Understanding

Understanding the stress response – Harvard Health

Chronic activation of this survival mechanism impairs health

chronic stress

A stressful situation — whether something environmental, such as a looming work deadline, or psychological, such as persistent worry about losing a job — can trigger a cascade of stress hormones that produce well-orchestrated physiological changes. A stressful incident can make the heart pound and breathing quicken. Muscles tense and beads of sweat appear.

This combination of reactions to stress is also known as the “fight-or-flight” response because it evolved as a survival mechanism, enabling people and other mammals to react quickly to life-threatening situations. The carefully orchestrated yet near-instantaneous sequence of hormonal changes and physiological responses helps someone to fight the threat off or flee to safety. Unfortunately, the body can also overreact to stressors that are not life-threatening, such as traffic jams, work pressure, and family difficulties.

Over the years, researchers have learned not only how and why these reactions

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Understanding Hospital Acronyms for Floors and Units

If you or your loved one is in the hospital, you may be struggling to make sense of all the acronyms that represent the different floors and units of the institution.

The following acronyms are frequently used in hospitals to describe where the patient is receiving care before, during, and after surgery. They may vary somewhat between facilities but these are fairly standard in the United States.

ER

The emergency room, also referred to as the emergency department, is where you’re first seen after a sudden and serious illness or injury. You may arrive at the ER by private transportation or by ambulance.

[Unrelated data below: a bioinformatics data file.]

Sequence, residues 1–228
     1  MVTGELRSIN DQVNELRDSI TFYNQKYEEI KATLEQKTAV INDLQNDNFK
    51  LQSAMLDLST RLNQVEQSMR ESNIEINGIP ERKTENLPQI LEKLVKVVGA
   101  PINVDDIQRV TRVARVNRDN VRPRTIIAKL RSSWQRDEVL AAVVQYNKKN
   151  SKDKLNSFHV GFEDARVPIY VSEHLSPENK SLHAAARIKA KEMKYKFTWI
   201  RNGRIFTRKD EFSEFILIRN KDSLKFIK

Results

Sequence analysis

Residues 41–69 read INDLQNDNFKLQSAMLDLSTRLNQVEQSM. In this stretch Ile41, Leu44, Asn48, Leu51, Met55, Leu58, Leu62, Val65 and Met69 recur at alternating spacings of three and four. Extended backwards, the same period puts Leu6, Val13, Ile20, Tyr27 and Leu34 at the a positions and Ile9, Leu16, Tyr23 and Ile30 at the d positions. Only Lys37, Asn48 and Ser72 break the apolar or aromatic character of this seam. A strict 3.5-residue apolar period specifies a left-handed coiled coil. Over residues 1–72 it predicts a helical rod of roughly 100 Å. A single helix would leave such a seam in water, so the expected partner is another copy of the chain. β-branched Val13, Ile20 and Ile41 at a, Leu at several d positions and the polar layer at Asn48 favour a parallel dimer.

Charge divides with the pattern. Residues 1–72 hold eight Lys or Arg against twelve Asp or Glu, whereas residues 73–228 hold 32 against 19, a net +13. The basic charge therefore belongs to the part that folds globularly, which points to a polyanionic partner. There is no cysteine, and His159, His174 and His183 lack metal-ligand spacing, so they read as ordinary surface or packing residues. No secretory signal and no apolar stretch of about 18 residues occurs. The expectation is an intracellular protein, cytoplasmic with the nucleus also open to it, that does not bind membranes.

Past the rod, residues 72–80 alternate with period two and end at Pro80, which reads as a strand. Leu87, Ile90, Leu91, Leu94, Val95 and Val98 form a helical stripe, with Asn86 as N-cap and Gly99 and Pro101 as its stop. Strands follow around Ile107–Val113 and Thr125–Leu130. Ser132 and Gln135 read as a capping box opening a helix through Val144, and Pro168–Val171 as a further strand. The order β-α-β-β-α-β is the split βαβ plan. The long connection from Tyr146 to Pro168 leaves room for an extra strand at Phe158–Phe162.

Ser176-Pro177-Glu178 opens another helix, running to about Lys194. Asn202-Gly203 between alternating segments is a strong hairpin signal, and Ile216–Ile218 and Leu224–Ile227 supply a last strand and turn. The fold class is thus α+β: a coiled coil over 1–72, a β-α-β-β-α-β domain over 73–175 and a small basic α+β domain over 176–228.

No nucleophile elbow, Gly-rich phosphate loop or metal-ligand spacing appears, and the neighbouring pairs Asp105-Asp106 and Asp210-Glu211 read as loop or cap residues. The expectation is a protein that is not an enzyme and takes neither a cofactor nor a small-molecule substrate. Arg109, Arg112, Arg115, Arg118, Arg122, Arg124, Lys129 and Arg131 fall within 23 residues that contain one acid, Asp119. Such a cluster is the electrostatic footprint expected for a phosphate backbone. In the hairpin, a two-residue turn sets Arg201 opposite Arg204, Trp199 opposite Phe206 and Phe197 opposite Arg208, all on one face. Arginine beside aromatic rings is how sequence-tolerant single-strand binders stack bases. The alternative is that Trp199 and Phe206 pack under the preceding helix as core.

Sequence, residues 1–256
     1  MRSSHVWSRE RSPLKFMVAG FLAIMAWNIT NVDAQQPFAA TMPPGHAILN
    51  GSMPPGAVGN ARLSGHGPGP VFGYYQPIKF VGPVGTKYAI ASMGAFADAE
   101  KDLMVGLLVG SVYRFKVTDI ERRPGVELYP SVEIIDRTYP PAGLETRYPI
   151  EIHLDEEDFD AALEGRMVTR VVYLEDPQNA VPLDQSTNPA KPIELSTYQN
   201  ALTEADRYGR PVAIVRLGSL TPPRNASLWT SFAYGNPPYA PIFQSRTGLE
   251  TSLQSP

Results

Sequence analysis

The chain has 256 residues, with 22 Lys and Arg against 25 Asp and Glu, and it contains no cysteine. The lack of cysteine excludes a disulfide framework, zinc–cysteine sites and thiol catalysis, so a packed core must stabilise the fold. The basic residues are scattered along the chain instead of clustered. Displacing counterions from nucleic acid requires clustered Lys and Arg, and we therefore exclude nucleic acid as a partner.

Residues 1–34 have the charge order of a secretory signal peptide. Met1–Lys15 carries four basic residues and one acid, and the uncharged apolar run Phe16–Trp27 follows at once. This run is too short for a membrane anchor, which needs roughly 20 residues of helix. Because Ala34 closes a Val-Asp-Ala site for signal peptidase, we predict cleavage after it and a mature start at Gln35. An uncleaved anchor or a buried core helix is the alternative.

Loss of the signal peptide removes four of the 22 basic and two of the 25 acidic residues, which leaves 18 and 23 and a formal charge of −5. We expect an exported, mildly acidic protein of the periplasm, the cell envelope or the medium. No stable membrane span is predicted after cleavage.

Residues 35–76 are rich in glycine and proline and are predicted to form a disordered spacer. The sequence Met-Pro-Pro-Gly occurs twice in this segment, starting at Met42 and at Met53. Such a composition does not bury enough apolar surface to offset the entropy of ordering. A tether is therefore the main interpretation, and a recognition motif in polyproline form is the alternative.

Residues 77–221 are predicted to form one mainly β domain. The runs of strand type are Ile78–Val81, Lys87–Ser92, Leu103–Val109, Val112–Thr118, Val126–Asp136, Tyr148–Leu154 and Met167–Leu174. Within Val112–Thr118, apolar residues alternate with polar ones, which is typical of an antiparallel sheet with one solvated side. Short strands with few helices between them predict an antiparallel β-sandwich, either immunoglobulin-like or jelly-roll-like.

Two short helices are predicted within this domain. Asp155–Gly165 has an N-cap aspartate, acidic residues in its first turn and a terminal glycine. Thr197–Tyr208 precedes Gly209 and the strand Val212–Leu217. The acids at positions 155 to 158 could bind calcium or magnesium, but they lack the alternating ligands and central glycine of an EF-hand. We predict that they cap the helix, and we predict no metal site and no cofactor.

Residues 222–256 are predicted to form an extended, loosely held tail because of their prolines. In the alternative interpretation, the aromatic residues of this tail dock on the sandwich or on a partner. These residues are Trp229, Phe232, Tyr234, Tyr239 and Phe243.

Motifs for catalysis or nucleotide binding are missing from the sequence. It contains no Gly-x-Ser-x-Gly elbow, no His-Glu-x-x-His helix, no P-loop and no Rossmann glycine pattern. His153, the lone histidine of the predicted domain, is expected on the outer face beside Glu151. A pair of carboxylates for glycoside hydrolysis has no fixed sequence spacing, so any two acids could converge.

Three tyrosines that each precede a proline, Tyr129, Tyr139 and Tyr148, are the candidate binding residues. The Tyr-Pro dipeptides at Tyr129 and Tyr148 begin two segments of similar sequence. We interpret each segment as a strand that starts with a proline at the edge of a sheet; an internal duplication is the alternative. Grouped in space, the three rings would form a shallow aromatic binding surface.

Care is provided according to the severity of your illness rather than by when you arrived. This is because an individual who’s having a heart attack requires immediate treatment, while those with less serious injuries are able to wait.

The general rule of thumb is that if

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What is Health? | Understanding Health

What is Health?

Health is a state of complete physical, mental, and social well-being and not merely the absence of disease or infirmity.  There are three clearly identifiable aspects to health:

 

1. Emotional or Mental Health:

Healthy thoughts and attitudes. Our emotional health, which is sometimes referred to as emotional intelligence, plays an  enormous, and often unrealized, role in someone’s overall health and fitness state. If someone  is suffering from mental health difficulties, they may attend counseling or psychotherapy to ‘unlock’ previous emotional turmoil and then actually use their past  emotional trauma in order to grow and develop their emotional intelligence, thereby improving their overall emotional health.

 

 

2. Structural Health:

The health of the body is structurally sound ‑ the bones, muscles, organs etc. are physically in good condition and not damaged – performing the functions they should perform. Structural or physical health may be determined by considering someone’s height/weight

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